Portable stalls, covered with blue plastic tarp, line the streets for blocks on end.  Interspersed are some interesting tourist collectibles: finely woven baskets, lacquered gourds, Mitla tablecloths, embroidered blouses, carved wood figures, fancy shawls, and more.

I love Tlacolula.  The colorful indigenous dress, women carrying babes to their breasts wrapped in shawls securely tied around their necks and midriffs, wheelbarrows filled with honey dripping from hives, pushcarts with piles of fresh strawberries and guayaba so ripe that the air is like breathing a smoothie.  Men pull goats by coarse ropes.  Old women cradle turkeys under their arms.  Hawkers call out the daily specials at improvised street cafes where rotisserie chicken spins as diners eat at makeshift tables.

Petate weaver

This Sunday I had a shopping list.  No tourist dawdling for me.

I started out late, hopped on a 3 p.m. bus from Teotitlan del Valle (TDV) to Tlacolula.  The 10-minute ride is 7 pesos (that’s about 50 cents).  On Sundays, that’s the only destination for the TDV bus that makes numerous round trips all day ending with the last one returning at 3:30 p.m..

Tlacolula Shopping List:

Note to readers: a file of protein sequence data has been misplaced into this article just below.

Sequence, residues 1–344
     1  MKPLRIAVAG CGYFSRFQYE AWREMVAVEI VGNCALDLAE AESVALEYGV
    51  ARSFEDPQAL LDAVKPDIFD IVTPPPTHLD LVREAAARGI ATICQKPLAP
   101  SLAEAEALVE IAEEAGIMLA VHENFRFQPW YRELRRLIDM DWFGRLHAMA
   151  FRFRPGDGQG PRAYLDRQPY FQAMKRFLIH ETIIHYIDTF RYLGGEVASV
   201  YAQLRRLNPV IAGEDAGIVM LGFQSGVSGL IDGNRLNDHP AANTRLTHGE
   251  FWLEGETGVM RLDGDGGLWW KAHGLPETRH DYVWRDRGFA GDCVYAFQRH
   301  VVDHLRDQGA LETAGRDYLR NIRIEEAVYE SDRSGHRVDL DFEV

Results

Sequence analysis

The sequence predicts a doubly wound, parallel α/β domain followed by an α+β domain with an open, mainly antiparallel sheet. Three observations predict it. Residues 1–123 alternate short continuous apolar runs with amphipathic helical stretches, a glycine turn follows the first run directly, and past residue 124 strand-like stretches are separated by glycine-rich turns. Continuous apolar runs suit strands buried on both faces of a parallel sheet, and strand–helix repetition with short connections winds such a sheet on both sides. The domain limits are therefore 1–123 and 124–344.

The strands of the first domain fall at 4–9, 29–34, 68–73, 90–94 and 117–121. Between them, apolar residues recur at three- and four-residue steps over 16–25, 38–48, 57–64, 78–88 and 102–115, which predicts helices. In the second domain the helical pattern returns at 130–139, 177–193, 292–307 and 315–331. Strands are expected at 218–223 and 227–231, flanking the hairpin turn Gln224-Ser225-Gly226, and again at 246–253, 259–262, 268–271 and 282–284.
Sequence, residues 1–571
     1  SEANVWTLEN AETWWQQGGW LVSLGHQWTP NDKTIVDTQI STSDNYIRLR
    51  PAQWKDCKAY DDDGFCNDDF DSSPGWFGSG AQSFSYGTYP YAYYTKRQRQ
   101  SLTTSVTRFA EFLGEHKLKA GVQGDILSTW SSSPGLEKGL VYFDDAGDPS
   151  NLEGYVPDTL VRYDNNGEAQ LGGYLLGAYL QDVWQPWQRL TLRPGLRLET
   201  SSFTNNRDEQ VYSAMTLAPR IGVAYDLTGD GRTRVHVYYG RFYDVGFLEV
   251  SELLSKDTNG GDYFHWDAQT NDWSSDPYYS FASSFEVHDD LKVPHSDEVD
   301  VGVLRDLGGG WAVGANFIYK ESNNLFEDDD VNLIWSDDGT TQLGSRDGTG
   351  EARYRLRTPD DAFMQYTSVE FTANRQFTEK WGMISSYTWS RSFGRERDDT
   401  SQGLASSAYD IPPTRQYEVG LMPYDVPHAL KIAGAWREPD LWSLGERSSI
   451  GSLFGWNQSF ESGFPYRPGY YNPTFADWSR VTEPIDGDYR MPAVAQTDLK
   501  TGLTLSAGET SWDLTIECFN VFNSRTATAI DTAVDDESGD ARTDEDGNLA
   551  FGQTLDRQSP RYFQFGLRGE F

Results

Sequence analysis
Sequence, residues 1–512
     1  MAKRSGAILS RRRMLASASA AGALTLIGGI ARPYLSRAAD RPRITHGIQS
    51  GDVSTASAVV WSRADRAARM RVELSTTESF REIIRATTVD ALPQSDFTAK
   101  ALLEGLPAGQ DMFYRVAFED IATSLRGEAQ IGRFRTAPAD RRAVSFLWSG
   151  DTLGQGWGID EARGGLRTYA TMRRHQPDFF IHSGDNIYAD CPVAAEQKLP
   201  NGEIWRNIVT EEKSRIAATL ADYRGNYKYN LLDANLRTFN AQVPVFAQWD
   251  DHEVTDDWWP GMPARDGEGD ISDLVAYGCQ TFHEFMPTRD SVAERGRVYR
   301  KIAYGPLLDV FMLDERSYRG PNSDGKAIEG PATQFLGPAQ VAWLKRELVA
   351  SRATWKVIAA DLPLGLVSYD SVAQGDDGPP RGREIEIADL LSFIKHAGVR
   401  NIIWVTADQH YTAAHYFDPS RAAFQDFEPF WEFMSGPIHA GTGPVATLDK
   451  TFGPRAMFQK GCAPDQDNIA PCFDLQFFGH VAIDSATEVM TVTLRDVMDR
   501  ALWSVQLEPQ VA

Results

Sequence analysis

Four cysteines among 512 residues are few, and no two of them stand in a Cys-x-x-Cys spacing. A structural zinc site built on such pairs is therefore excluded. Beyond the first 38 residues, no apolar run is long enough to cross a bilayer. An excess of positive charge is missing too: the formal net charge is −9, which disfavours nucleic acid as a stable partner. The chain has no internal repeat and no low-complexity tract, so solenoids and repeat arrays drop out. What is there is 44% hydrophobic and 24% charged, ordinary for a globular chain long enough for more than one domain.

1. Clothes hangers.  The basic necessities are not what tourists are looking for, but Tlacolula has everything. 10 for 25  pesos.
  2. Oil cloth. This is not for the dining room table! I lit upon this solution to cover a window to keep the light out. Hopefully making for better sleeping.  2 meters for 60 pesos.
  3. Masking tape and picture wire.  The tape to hang the oilcloth and the picture wire to hang a beautiful clay sirena (mermaid) wall plaque I bought in Santa Maria Atzompa last week.  The potter made the platter with only one hole (a mistake) so no way to thread a wire to hang.  So I found a button at the market, too. (My plan, fit the button into the hole, thread the wire through the button holes, hang–it worked.) Tape and wire at the hardware store for 35 pesos.  Button from a street vendor for one peso.
  4. Hand-woven petate floor mat. Not on my shopping list, but who could resist the woman sitting on the curb weaving these mats from palm fronds. Indigenous people slept on these. Now, they make a perfect natural floor covering.  A steal at 40 pesos.                                         

La Dueña de Comedor Mary

5.  Late lunch at Comedor Mary. The most delicious food in the cleanest restaurant you’ve ever seen – anywhere.  I could write a whole post about Comedor Mary. Located on the street between the church and the permanent market. Chicken soup, chile relleno, accompanying plate of avocado, radishes, guaje, with a Coke Light for 90 pesos.

     

By the time I left the market, the TDV buses were kaput (last return trip at 3:30 p.m.).  So I walked to the Tlacolula crucero (crossroads) and picked up a collectivo (10 pesos) that dropped me off at the TDV crucero.  I sat next to the cutest 2-year old with her mom in the back seat and we made goo-goo eyes.  From there, I took a local collectivo (5 pesos each and sharing the cab with 6 people, 3 adult men in the front seat) into town.  My bundles went into the trunk, fortunately.   From there I walked home.

Overall, a great day I’d say.  Shopping list accomplished.